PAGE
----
All too often, we have been hypocrites about this, preaching rights and progress to popular movements and allowing them to be beaten down, but now and then, we make history out of our fiction.
First published in November 2019.
The United States joined China, Iraq, Saudi Arabia, and other nations — our fellow members of the Human Rights Council — in voting against a resolution that condemns the death penalty as a punishment for religious offenses such as blasphemy or apostasy, adultery, and sexual activity with someone of the same sex. According to Heather Nauert of the U.S. State Department, “the United States voted against this resolution because of broader concerns with the resolution’s approach in condemning the death penalty in all circumstances and calling for its abolition.”
In other words, because we insist on the institutional authority to kill murderers in cold blood — people who committed a heinous act, but who are not an immediate threat to others at present — we find ourselves unable to oppose the killing of people whose beliefs do not conform to the majority’s or whose consensual relationships are such as are found icky by the prudes who are in power. I suspect that in addition to the stated reason, we also voted against the resolution because we do not like the idea of international standards being applied domestically. The good news is that twenty-seven of the forty-seven member council voted in favor of the resolution, though how much this will achieve when the United States and China oppose it is anyone’s guess.
This would be just another example of Trump’s hatred of international order if it were not for the direction of things at home. The Obergefell ruling in 2015 that established a legal right for same-sex couples to marry was a result of a Supreme Court that has been ideologically balanced about the center of the political spectrum for a long time. But nominations in the twenty-first century have been pushing the federal judiciary to the right, thanks to two Republican presidents and to obstruction against Obama’s nominees. During his three years in office, Trump has placed about a quarter of the judges on the appeals courts and two Supreme Court justices, posing a grave threat to the constitutional rights of GSRM (gender, sexual, and romantic minority) Americans.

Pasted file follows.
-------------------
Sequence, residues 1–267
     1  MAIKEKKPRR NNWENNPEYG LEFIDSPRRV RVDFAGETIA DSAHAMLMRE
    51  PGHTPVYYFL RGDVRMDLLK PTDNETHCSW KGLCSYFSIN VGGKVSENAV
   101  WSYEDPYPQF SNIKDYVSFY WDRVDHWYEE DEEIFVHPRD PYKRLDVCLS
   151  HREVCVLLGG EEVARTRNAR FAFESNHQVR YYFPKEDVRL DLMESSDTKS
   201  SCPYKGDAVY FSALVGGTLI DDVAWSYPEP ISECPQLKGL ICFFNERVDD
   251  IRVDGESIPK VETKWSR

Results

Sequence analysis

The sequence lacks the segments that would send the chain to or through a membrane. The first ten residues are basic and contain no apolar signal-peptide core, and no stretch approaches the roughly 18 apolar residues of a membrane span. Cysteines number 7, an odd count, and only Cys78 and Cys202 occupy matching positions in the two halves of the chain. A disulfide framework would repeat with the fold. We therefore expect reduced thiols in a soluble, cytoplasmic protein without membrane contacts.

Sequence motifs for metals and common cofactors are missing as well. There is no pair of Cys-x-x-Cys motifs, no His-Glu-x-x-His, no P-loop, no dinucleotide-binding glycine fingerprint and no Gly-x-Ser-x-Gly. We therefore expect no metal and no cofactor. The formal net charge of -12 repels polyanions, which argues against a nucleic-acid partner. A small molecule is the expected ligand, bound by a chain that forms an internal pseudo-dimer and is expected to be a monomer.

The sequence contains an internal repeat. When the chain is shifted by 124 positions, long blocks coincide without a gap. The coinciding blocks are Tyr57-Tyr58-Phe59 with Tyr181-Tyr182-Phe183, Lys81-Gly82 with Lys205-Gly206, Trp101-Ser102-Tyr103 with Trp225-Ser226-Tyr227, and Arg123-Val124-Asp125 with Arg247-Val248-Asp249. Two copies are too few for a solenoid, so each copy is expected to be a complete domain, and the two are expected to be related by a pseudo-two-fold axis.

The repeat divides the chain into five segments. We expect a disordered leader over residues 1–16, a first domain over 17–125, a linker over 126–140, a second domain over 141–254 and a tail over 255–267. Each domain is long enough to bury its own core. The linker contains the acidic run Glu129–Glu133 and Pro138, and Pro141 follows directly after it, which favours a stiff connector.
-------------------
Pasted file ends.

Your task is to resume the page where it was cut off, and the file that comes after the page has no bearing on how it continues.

This is only one type of attack that the Trump administration has committed on people who do not conform to the majority’s preferences in sexual behavior. And it is in keeping with Trump’s pandering to evangelical voters. Though his entire life has been a rejection of any form of Christianity, religious extremists who oppose any wall that separates church and state see him as a tool that they can use to get their ideology written into U.S. law. This is especially the case when William Barr, the attorney general, points to “modern secularists” as a threat to American values and when Mike Pompeo, the secretary of state, says that our foreign policy — of which the U.N. vote is an illustration, presumably — is guided by his religion.
What the thirty percent of Americans who are not Christians and what the many Christians who support the First Amendment’s establishment and free exercise clauses would have to say here apparently does not concern two of the top officers in the executive branch of our federal government. But then, the Trump administration has shown disdain for freedom of the press, Trump having declared many times that reporters who challenge him are the enemies of the people, so it comes as no surprise that his cabinet would attack other parts of the bedrock protections of basic rights.
There was a time when American presidents tried to maintain the myth of America’s moral leadership in the world. I say myth not to disparage the concept. Good stories inspire us. They shape our understanding of who we are and drive us to live up to their lessons. They may even make us more empathetic. All too often, we have been hypocrites about this, preaching rights and progress to popular movements and allowing them to be beaten down, but now and then, we make history out of our fiction.
Today, no matter how much we want to imagine ourselves to be the Shire or Minas Tirith, we have turned into Mordor. Perhaps twelve hundred pages — or ten hours — is too much for the MAGA crowd to get through, but the ending for Sauron and the orcs is not a good one. We have been the beneficiary of the mythology of the shining city on the hill, drawing people to us who came here for the chance to achieve. We owe the world in return. As authoritarianism sweeps the planet, America has an obligation to stand for human rights, especially for people who are most at risk.🔷
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